Ego is a lawyer’s worst enemy. Inevitably it is the reason why there are trials in cases that should settle, why lawyers ask one question too many and why tempers flare and agreements are broken. It is, on the whole, a key ingredient to most errors of judgment.
We all tend to labor under the misperception that we are the most important person in our client’s life. Only we, the noble gladiators, can protect the rights and interests of the badly injured and the wrongfully accused. And for this our clients are extremely grateful and appreciative. We convince ourselves that without us they could not go on.
Well, much like the premise of appellate courts that juries always understand and follow a judge’s charge or the contention that trials really are a search for truth, this belief is a fiction, necessary perhaps to keep us afloat, but simply not true.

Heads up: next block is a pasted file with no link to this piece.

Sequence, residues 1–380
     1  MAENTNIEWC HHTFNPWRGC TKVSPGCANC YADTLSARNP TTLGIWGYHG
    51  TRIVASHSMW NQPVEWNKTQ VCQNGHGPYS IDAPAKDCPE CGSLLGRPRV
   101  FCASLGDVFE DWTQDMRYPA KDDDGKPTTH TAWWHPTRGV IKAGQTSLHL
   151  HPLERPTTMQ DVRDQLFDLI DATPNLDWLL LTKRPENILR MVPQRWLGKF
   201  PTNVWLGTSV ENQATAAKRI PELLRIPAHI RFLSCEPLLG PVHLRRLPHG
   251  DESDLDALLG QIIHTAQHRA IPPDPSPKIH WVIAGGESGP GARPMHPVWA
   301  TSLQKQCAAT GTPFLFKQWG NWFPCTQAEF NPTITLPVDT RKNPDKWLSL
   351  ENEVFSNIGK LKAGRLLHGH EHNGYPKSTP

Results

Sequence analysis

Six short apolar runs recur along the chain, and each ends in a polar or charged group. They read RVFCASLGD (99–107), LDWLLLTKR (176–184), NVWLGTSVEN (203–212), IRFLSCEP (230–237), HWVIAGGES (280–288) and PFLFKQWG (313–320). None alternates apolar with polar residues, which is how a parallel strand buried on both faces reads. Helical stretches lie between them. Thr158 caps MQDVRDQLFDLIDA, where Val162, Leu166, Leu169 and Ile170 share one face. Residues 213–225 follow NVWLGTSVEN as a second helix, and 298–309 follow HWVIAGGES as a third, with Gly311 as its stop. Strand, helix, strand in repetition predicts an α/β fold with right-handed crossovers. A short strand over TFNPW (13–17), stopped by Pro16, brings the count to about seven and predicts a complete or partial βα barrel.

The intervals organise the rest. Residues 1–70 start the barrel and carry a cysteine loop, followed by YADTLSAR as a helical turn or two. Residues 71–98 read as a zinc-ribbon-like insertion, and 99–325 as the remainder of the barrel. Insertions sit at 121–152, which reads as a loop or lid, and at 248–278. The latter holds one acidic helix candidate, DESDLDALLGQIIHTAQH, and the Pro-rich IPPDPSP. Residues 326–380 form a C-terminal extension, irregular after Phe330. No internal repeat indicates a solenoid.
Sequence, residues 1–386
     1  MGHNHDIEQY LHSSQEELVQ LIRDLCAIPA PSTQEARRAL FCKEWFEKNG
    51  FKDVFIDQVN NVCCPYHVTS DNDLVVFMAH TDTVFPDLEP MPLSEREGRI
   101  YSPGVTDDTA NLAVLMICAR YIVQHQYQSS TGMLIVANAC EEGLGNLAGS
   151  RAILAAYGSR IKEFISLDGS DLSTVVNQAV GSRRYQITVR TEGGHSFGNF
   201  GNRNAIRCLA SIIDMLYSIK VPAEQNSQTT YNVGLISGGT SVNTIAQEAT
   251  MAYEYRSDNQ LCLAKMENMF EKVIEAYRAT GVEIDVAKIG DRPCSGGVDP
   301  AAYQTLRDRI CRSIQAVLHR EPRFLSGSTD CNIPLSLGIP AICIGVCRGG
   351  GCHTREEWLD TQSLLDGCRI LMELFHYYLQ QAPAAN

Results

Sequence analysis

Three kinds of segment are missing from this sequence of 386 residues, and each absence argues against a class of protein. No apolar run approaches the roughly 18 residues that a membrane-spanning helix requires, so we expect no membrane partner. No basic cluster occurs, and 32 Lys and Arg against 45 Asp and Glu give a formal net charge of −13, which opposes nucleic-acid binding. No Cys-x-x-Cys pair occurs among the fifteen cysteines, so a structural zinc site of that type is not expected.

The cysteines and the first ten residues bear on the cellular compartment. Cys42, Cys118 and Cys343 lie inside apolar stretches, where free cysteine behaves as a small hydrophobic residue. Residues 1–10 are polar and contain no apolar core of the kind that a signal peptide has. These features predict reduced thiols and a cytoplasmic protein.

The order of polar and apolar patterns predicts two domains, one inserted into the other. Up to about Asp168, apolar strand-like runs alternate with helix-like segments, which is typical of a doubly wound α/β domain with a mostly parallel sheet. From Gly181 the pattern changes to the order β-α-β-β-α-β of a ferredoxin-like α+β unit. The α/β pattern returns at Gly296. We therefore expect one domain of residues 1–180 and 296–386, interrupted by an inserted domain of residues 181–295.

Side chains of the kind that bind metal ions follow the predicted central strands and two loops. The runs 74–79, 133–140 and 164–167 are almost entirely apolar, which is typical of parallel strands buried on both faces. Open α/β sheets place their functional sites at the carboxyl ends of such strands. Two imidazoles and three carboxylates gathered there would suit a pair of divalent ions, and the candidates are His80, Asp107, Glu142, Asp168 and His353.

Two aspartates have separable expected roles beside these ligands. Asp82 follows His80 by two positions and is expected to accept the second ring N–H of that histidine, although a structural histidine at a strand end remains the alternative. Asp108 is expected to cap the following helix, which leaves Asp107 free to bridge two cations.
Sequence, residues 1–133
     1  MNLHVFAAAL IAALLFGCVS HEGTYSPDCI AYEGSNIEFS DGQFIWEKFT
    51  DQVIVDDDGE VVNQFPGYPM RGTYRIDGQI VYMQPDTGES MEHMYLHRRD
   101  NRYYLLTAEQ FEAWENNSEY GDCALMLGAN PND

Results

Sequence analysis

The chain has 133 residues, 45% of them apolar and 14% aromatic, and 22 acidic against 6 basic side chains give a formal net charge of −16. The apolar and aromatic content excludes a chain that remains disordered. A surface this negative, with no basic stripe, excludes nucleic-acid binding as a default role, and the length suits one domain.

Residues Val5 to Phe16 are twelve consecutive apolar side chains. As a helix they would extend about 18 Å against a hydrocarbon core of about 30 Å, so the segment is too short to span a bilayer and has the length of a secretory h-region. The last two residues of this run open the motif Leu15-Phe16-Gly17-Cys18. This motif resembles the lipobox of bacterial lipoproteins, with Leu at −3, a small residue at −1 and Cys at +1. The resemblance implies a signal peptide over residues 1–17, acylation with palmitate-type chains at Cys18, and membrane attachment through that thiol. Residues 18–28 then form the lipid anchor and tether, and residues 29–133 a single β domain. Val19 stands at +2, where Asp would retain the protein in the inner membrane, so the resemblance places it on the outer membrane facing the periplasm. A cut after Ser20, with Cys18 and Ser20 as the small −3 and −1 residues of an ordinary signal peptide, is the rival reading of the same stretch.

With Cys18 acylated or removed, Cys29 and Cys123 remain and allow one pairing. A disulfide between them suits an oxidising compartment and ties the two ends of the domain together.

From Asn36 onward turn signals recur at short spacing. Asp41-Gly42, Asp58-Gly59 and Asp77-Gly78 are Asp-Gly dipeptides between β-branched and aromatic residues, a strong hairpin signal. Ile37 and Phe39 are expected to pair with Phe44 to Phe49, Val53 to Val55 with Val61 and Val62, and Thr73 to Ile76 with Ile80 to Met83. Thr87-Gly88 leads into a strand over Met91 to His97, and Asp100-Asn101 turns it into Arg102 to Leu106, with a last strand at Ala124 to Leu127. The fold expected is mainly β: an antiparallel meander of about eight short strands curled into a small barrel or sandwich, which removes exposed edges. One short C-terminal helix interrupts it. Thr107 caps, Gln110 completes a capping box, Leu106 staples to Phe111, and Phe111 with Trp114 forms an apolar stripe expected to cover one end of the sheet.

That bubble was burst for me (again) recently on a walk back to the office from GA 6 with a partner’s DWI client for whom, with the skill acquired through years of experience, I had managed to obtain a continuance. It was a pleasant day; there was no rush; and as we ambled back toward my office I casually asked if he’d ever been to court before.
“Well, yes. About two years ago.”
“Really, what was that for?”
“Oh, First Degree Assault.”
“Wow. That’s a heavy charge. It has a mandatory five year minimum. How did you make out?”
“Oh, I won. The jury found me not guilty.”
“Not Guilty! Gee. That’s a great result. Who was your lawyer on that case?”
“You know. . . . . I really can’t remember who it was. I don’t know his name.”
Ah, yes. Ego. Somewhere in this favored land the sun is shining bright; the band is playing somewhere; and somewhere hearts are light. And somewhere in this jurisdiction there is a lawyer laboring under the mistaken belief that his ever-grateful former client begins each day genuflecting to his memory, waiting only for the day he can refer to his savior a monster case that will remove his tuition nightmares forever. Dream on.